The photographic sources from which the Day Is Done series of videos are derived were limited to a select group picked from the hundreds of images of extracurricular activities that I have organized by type. For example, Extracurricular Activity Projective Reconstructions #3, #4, #5, #6, #17, and #20 are all related to photographs of men dressed as vampires. Related iconographies were utilized for EAPRs #7 and #10, which picture groups of men and women in Halloween costumes that are primarily horror-theme-related, and for EAPRs #14, #15, #18, #19, and #21, which show individuals dressed as ghouls or in Goth fashion. Satanic and "pagan" imagery was the starting point for EAPRs #24 (which pictures a man wearing an oversized horned mask), #25 (a man dressed as the Devil), and #30 (a man sporting a pair of horns on his head, with a pitchfork slung over his shoulder).

The other major genres referenced were mimes (EAPRs #2, #16, and #30), hicks (EAPRs #8 and #9), ceremonial and religious spectacles (EAPRs #11 and #13, both of which feature women lighting candles, and EAPRs #23, #27, and #28), and equestrian events (EAPRs #31 and #32). EAPRs #12 (related to a photograph of two men dressed as Nazis), #22 (an image of two young women in a stage presentation), and #26 (derived from an image of a female shadow dancer) are somewhat anomalous images used to flesh out the narrative aspects of the video. Some videotapes in the Day Is Done series make no overt reference to these images but developed out of  free-associative narratives written in response to them. For example, the bar­ber shop scene attached to EAPR #25A (Devil's Door) is not recognizably related to the found photograph but acts as a kind of "flashback" to a traumatic event in the Devil's childhood. This tape features a young actor who also appears in EAPR #28 and the May Crowning/Hag Mary video; it was my hope that the reappearance of certain actors throughout the Day Is Done series would give the impression that some sort of narrative continuity existed within the project, even though that is hardly the case.

Most of Day Is Done was shot on sets constructed in my studio, though a few scenes were shot on location. The sets, props, and some of the costumes used in the production of the tapes were reworked into sculptures, most of which incorporate the finished videotapes. These sculptures are accompanied by a pair, or pairs, of photographs consisting of an enlarged repro­duction of the original black-and-white found photograph that inspired the reconstruction with a fairly exact copy of it, in color, featuring the video cast members.

Following are excerpts from a series of notes written by Kelley on the individual Extracurricular Activity Projective Reconstruction videos that make up Day Is Done.  In total Kelley conceived of 31 Extracurricular Activity Projective Reconstructions for the Day Is Done project, some of which were broken down further into variations or spinoffs.  The complete notes can  be found in the the exhibition catalog, Mike Kelley: Day Is Done, Francis, Mark, and Mike Kelley, eds.  London, England: Gagosian Gallery; New Haven, Connecticut: Yale University Press, 2007.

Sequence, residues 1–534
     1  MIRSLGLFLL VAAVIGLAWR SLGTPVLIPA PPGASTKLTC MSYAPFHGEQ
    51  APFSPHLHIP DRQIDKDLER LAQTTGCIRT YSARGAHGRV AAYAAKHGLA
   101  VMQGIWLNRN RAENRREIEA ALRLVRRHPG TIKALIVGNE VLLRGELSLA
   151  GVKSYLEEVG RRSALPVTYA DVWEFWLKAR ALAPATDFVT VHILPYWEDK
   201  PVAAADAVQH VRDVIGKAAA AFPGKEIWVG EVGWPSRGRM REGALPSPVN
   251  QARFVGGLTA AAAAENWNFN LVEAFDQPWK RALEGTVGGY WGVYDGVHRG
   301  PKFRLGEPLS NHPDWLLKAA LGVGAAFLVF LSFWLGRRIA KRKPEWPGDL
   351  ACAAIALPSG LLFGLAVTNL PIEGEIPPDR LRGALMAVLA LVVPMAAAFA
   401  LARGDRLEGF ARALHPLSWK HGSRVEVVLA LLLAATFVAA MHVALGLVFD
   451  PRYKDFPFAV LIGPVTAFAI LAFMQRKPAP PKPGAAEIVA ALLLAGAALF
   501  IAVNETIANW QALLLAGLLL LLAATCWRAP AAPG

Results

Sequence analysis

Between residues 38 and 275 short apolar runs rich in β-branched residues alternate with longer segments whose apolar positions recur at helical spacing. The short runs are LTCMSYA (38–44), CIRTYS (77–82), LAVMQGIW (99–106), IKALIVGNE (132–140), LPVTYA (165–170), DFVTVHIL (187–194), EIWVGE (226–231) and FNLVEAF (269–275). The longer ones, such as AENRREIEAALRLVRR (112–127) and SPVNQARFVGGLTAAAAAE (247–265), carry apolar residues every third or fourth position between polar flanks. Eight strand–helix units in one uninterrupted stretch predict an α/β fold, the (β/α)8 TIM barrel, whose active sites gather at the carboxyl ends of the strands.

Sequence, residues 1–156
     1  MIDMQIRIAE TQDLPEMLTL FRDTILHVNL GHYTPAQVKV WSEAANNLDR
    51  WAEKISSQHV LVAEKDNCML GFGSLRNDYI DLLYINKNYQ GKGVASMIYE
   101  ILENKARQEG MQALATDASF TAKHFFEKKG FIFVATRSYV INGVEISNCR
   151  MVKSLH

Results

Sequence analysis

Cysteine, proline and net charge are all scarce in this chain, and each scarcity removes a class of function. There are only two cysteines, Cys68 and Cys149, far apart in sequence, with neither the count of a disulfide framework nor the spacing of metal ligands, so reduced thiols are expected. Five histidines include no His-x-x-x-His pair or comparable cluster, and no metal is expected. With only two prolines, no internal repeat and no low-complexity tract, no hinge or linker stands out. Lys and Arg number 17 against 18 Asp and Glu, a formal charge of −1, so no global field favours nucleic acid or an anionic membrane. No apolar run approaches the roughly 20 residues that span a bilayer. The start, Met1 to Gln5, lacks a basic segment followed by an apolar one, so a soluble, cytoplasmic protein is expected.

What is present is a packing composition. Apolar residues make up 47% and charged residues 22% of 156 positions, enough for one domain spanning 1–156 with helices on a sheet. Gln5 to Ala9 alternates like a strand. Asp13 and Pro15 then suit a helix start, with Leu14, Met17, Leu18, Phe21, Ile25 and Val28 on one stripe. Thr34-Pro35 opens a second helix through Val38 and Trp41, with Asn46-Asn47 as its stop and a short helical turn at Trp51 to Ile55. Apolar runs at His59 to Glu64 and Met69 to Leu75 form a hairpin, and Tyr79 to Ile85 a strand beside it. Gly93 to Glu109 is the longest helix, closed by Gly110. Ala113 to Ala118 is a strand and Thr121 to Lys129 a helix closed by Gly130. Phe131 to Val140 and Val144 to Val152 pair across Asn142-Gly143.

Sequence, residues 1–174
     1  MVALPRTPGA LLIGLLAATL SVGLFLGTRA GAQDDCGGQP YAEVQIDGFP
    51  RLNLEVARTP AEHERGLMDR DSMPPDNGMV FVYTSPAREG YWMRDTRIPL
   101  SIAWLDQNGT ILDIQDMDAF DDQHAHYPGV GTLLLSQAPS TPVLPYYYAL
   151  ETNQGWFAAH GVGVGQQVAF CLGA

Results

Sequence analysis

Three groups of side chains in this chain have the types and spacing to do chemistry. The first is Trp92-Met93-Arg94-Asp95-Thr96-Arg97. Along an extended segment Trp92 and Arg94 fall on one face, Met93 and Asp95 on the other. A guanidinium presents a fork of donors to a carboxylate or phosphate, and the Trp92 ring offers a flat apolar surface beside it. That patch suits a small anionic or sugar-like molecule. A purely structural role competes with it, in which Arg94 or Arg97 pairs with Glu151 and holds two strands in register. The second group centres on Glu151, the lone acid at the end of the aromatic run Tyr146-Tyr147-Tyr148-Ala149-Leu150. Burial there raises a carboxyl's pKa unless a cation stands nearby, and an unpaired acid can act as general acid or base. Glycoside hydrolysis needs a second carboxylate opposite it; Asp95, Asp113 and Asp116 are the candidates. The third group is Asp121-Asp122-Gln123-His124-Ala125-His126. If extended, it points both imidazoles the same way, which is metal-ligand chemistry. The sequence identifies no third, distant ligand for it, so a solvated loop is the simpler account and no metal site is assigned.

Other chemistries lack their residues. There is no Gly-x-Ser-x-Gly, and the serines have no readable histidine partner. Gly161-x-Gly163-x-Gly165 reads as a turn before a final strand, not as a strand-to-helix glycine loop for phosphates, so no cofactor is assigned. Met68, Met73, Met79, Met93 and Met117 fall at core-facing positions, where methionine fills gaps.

Source photograph and reconstruction for Extracurricular Activity Projective Reconstruction #2 (Train Dance)

EAPR #2 (Train Dance): Based on a photograph of three women in mime makeup in line-dance formation. They are posed in what looks to be the hallway of an institutional building. The narrative arc of Day Is Done concerns a series of entertainments presented as part of an unexplained festival day in an unspecified institution or workplace (the Educational Complex).

The three women perform a Train Dance throughout the hallways of this site, singing a song (telepathically, as they are mimes) to alert the population that the festival is beginning. The scene was shot in the hallways of the California Institute of the Arts (CalArts) during the summer, when school was not in session. The dance was choreographed by Kate Foley, based on my description.

EAPR #6 (Motivational Speech) is based on a photograph of a man dressed as a vampire, standing in front of what looks to be a plywood platform, in an exterior location surrounded by a Cyclone fence. A crowd of people is in the background. This figure has been interpreted as a "motivational speaker"-a high-level figure in the Educational Complex social hierarchy. The scene begins with the mass exit of the Complex population out of the building to what looks to be a tennis court. In fact, the footage was shot at a public tennis court outside the Eagle Rock Recreational Center, which was designed by famed modernist architect Richard Neutra. This building was used, as well as sections of CalArts, as an exterior  representation of the Educational Complex. The speech itself was pieced together from bits of elegiac texts found in high school yearbooks.

Reconstructed image for Extracurricuoar Activity Projective Reconstruction #7 (Woods Group)